He also thanked former Oklahoma Congressman Dan Boren, who was in attendance at the ceremony, calling him one of the original champions of the Code Talker legislation.
Pelosi remarked during her speech, “The Code Talkers, using their language, carried forward the hopes of their people, committed to the cause of freedom. Their sense of duty was never shaken – nor was their resolve. Their patriotism never wavered – nor did their courage. Their bonds of brotherhood were never broken – nor was their code.
“For their heroism and sacrifice, for the contributions that went unrecognized for too long, it is a privilege for Congress to award the Native American Code Talkers the highest honor we can bestow: the Congressional Gold Medal.”
Family members representing the 23 Choctaw Code Talkers – 19 from World War I and four from World War II – were presented medals at a separate Silver Medals presentation ceremony at the Smithsonian’s National Museum of the American Indian.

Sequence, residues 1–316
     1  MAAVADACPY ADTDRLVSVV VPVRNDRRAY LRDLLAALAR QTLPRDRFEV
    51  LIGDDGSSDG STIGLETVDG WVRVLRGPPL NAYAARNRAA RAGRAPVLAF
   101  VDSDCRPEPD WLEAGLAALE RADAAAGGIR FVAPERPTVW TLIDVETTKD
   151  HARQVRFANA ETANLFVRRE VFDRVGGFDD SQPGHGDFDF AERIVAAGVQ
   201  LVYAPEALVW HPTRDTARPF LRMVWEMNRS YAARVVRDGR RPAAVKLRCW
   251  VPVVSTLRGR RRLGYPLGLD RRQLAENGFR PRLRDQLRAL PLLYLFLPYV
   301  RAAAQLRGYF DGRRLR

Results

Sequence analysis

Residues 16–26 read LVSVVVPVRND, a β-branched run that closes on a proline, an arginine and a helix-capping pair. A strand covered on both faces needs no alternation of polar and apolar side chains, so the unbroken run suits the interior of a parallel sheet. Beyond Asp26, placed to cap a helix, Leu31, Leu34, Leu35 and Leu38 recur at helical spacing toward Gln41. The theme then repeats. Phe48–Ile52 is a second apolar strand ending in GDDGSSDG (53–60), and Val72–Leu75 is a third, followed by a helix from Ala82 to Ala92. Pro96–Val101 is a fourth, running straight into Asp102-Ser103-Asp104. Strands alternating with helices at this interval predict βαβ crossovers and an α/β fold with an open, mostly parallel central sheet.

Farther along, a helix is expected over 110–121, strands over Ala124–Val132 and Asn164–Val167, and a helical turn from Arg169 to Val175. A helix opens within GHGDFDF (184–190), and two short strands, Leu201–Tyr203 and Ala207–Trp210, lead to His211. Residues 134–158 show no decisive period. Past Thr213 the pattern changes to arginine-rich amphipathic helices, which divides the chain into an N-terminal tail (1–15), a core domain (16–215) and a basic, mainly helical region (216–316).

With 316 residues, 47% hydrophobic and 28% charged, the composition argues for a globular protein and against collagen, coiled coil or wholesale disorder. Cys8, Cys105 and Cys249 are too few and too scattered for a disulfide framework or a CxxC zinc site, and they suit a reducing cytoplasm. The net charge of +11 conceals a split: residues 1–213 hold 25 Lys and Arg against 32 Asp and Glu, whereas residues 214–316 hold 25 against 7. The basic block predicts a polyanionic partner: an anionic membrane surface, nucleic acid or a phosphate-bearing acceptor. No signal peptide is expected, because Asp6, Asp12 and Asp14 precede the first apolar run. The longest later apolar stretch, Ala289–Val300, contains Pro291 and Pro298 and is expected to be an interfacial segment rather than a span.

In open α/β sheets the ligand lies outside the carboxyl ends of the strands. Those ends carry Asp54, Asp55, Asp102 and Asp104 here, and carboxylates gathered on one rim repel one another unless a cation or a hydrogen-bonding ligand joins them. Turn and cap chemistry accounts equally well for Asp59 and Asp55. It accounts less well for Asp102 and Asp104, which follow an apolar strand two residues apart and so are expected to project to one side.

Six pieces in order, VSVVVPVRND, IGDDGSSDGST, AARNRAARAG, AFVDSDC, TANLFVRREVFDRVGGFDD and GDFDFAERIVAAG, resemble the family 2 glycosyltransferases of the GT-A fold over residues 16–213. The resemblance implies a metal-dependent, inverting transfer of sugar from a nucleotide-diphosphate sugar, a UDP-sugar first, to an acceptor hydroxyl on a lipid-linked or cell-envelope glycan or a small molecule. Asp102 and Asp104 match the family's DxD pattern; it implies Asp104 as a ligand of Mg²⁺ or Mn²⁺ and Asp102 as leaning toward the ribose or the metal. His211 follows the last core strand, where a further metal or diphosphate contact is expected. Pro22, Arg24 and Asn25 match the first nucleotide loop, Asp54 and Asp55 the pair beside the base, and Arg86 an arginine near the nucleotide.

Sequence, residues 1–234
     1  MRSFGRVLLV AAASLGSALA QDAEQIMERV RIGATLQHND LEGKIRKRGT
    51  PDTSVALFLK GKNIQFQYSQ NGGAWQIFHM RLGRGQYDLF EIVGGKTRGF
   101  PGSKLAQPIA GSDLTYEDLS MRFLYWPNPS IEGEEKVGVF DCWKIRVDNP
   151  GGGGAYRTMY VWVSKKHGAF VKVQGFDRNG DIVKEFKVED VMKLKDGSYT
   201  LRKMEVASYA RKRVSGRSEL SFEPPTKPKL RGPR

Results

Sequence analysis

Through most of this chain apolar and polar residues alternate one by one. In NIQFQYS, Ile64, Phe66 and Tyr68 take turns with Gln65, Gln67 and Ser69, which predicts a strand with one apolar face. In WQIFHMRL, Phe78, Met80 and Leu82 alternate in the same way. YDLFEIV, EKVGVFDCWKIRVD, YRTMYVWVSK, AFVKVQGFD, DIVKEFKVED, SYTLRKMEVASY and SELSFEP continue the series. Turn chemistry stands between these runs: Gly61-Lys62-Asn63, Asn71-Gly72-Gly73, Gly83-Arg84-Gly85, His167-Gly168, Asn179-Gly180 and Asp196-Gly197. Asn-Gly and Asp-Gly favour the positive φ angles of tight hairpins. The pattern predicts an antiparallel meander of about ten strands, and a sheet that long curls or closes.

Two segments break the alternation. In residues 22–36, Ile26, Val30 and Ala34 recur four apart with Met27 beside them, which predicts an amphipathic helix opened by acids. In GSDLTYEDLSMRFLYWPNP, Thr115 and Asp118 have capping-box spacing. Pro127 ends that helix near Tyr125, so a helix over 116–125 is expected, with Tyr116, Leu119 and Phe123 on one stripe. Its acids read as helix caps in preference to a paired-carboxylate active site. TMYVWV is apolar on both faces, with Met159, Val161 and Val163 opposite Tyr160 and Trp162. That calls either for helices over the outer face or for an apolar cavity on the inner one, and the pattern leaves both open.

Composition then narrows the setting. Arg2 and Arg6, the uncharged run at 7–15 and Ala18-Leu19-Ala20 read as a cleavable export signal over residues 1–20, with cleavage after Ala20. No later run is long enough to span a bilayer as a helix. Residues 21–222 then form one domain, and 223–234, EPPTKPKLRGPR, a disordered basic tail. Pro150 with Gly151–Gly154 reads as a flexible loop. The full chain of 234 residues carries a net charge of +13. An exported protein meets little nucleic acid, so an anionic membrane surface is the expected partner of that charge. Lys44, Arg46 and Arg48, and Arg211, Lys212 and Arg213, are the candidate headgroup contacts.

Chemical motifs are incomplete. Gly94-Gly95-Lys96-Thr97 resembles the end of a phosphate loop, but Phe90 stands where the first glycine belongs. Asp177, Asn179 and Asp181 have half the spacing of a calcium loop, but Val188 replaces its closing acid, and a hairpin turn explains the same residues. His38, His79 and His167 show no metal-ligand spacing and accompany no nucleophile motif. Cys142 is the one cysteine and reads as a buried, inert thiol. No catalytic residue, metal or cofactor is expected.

One family member, Nuchi Nashoba, who is also the president of the Choctaw Code Talkers Association and granddaughter of Code Talker Ben Carterby, said, “It’s an exciting day for all of us because we waited so long for this to happen. I’m so thankful that we are able to experience this great, wonderful, historic event. As a descendent, it’s such an honor, such an honor, to be here.
“There are so many that walked the halls of Congress to get support to have the Code Talkers Recognition bill passed. It’s taken many, many years. It’s great to have our own government recognize our Code Talkers.
“As soldiers, they went to war; they didn’t brag, they didn’t boast about what they did,” she explained. “It was up to us to make this [recognition] happen and to brag on these people who went to war to keep us free. We’ve all become so close and so attached to this cause. It’s up to us to continue to tell their story. We do it in order to honor the men that went to war.
“I’m thankful to the Choctaw Nation and for the display they’ve created in Tvshka Homma,” she continues. “It will allow Choctaws for many generations to learn of their legacy, read their story and see their medals.”